At least 13 people have been killed in Nigeria’s restive central region in an escalating ethnic battle between farmers and herders, an army spokesman said. The violence earlier this week between the Berom, indigenous farmers, and the Fulani, nomadic cattle herders, took place in Jol, a community part of the Riyom local government area of Plateau state, said military spokesman Major Adam Umar.
“Some gunmen launched an attack on the Berom community killing 13 people and razing several houses,” Umar said. “The attack was part of the tit-tat killings between the Fulani and Berom.” Umar said a meeting between the sides had been brokered by authorities but that it had failed to stem the bloodshed.
“Despite the peace meeting, on September 29 a herder and five cows were ambushed and killed in the area while other cows were injured,” Umar said. Riyom local government chairman Emmanuel Danboyi Jugul gave a higher death toll, saying that 14 people died in the Tuesday attack.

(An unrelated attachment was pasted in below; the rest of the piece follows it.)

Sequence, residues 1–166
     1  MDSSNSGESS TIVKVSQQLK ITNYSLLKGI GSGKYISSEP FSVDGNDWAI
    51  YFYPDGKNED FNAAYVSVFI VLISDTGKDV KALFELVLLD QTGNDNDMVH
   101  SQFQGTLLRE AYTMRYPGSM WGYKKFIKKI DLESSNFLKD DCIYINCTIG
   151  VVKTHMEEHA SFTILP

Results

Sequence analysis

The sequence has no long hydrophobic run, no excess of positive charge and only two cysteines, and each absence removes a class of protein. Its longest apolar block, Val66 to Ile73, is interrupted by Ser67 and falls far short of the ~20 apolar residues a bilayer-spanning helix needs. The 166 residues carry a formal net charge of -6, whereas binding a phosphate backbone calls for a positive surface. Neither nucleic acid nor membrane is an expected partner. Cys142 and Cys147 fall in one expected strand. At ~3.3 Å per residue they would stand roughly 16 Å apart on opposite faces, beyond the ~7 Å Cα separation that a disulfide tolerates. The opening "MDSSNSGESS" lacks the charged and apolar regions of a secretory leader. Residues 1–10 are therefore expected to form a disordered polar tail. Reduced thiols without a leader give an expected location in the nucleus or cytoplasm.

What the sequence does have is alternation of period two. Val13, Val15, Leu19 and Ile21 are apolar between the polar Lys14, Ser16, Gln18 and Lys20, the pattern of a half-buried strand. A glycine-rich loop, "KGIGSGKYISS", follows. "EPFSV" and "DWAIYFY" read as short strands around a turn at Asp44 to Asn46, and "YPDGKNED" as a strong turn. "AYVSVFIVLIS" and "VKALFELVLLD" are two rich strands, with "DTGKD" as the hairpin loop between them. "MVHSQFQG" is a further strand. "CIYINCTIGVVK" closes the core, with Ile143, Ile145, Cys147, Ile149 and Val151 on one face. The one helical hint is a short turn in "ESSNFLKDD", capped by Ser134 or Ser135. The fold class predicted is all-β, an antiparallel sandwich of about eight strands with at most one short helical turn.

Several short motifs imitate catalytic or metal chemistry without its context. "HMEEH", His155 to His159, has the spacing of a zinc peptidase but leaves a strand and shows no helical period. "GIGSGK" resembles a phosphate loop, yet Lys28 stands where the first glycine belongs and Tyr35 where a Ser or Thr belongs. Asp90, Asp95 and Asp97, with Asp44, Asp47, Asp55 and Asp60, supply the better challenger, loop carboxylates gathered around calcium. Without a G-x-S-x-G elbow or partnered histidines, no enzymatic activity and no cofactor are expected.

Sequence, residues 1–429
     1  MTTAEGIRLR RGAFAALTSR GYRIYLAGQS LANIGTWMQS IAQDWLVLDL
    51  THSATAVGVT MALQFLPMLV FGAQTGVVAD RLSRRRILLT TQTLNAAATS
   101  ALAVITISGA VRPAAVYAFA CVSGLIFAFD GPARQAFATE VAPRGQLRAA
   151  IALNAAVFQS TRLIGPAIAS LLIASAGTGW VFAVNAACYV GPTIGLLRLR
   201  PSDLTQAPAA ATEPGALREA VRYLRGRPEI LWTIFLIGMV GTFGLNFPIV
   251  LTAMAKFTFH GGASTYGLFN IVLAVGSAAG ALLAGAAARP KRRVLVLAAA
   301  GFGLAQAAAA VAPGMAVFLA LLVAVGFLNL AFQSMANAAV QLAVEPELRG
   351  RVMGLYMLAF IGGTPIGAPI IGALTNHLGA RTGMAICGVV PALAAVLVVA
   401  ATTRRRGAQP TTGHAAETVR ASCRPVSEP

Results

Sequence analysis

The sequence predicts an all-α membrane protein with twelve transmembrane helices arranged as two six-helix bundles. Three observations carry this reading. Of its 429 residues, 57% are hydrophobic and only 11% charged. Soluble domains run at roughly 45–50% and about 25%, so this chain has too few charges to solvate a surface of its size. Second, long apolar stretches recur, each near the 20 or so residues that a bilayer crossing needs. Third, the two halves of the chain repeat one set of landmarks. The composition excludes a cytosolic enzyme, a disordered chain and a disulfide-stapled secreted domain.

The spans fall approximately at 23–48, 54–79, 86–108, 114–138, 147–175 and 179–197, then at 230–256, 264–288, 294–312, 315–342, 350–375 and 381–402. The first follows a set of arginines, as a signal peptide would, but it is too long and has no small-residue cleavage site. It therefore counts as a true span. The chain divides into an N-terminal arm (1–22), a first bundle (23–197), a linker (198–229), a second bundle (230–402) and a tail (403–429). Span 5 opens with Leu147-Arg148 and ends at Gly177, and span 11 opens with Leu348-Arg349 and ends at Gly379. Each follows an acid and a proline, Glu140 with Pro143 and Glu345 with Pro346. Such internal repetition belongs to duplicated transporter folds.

“The gunmen opened fire on residents and fled before security personnel were deployed in the village,” said Jugul, adding that he believes that the upcoming national elections may be the cause of the violence. “Plateau has remained peaceful for three years but we are suddenly gripped by a new wave of killings now that elections are approaching,” he said.
The outbreak of violence follows a gunfight last week on the outskirts of Jos, the Plateau state capital, that left 11 dead. Plateau state lies in Nigeria’s so-called Middle Belt that separates the predominantly Muslim north from the largely Christian south.
It has long been a hotbed of ethnic, sectarian and religious tensions that flare up during election season. Nigerians are set to vote in hotly contested presidential polls in February 2019.